Docket Management
Docket: 02N-0152 - Timely Pediatric Studies and Adequate Pediatric Labeling for Human Drugs and Biologics
Comment Number: EC -61

Accepted - Volume 3

Comment Record
Commentor Dr. Paula Botstein Date/Time 2002-07-05 16:31:46
Organization Botstein Associates
Category Health Professional

Comments for FDA General
Questions
1. What changes to the pediatric rule, if any, would be necessary to integrate the BPCA and the pediatric rule more effectively? see below
2. How would the criteria used by NIH and FDA under section 3 of the BPCA to request studies of already approved drugs relate to the standards promulgated in the pediatric rule and described in 21 CFR 201.23, 314.55, and 601.27 for requiring pediatric labeling for certain drugs and biological products? Which criteria are more appropriate for determining when studies are conducted? see below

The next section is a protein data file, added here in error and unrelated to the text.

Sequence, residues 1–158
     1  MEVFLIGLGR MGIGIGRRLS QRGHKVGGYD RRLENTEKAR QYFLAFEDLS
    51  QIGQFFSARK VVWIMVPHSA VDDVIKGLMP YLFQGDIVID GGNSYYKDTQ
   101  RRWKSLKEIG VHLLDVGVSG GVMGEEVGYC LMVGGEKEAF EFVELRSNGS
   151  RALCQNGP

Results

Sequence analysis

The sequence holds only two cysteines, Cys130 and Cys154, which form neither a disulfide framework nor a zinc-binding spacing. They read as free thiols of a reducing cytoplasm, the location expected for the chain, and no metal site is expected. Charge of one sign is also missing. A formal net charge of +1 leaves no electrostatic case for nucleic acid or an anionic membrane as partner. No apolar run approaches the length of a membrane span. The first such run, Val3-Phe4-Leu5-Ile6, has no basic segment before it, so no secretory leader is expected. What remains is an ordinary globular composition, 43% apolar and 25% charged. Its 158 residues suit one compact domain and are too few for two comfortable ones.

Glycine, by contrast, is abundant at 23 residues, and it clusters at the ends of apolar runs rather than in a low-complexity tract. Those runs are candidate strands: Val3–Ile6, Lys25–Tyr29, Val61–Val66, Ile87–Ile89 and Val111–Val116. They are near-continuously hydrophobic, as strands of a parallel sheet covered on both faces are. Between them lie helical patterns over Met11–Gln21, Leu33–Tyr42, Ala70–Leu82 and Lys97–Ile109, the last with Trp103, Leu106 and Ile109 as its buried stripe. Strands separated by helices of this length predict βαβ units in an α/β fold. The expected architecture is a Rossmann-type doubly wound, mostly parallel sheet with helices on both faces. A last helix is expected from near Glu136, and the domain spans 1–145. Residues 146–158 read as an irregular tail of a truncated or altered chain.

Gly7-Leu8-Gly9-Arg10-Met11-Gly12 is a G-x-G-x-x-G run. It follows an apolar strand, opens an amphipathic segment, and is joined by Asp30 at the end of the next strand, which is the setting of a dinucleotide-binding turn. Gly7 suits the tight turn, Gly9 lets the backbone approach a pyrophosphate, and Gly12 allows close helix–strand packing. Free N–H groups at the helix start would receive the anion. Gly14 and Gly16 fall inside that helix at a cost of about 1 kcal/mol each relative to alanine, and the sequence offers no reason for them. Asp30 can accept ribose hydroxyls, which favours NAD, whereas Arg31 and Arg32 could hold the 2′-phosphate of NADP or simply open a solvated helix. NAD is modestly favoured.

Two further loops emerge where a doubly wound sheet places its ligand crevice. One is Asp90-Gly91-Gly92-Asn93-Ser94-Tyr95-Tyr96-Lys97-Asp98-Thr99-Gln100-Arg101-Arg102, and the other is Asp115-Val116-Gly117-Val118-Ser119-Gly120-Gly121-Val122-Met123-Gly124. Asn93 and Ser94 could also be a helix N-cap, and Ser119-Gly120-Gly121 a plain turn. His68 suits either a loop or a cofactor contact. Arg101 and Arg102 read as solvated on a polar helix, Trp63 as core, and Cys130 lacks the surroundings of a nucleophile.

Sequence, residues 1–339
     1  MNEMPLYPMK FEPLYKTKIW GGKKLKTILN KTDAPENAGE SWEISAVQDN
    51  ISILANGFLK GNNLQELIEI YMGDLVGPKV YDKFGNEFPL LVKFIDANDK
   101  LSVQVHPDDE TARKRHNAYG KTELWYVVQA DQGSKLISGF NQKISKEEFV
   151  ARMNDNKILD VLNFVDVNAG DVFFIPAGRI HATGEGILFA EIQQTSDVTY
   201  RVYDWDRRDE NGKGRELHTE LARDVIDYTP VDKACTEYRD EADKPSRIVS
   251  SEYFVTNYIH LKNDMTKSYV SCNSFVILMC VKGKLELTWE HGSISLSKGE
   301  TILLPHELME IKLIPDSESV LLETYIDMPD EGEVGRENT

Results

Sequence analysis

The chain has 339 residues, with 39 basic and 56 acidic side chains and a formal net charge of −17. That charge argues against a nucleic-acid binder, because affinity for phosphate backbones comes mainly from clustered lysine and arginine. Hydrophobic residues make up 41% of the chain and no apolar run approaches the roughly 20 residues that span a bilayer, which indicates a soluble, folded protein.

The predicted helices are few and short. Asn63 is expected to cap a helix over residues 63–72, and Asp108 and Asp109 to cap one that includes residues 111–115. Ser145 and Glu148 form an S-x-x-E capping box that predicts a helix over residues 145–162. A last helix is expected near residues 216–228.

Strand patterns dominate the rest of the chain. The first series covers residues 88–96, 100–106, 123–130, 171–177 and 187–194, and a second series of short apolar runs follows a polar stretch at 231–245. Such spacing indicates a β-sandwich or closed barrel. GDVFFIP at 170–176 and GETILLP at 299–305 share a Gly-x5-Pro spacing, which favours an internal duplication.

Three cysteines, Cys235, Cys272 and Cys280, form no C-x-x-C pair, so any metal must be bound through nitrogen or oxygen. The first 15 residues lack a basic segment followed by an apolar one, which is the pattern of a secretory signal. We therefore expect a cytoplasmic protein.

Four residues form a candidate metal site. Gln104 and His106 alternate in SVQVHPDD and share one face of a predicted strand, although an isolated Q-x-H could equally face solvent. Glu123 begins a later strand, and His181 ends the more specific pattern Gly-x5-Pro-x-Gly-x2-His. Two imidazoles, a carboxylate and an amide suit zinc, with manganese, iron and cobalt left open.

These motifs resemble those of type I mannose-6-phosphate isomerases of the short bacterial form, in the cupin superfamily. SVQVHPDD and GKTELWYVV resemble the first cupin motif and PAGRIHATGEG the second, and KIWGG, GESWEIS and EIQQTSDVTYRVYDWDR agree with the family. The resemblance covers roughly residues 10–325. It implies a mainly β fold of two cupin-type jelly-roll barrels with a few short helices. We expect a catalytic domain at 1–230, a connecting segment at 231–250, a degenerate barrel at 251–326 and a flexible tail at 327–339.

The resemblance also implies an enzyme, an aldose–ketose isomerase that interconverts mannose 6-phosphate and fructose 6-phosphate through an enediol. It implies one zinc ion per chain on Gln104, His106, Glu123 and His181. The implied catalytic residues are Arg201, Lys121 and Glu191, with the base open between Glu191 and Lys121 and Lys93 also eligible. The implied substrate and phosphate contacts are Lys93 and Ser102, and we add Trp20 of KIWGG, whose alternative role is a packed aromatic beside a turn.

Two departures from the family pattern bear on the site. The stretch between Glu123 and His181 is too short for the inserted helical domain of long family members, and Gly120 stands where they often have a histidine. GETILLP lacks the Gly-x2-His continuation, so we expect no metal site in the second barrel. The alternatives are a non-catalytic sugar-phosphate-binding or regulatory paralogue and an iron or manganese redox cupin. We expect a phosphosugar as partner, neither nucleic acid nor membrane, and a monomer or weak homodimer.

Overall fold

3. What provisions, if any, of the BPCA could apply to biological products regulated under section 351 of the PHSA? see below
4. How does the provision in section 3 of the BPCA providing for a recommendation for a formulation change relate to the pediatric rule provision stating that in certain cases a sponsor may be required to develop a pediatric formulation? Should pediatric formulations be required in certain cases? see below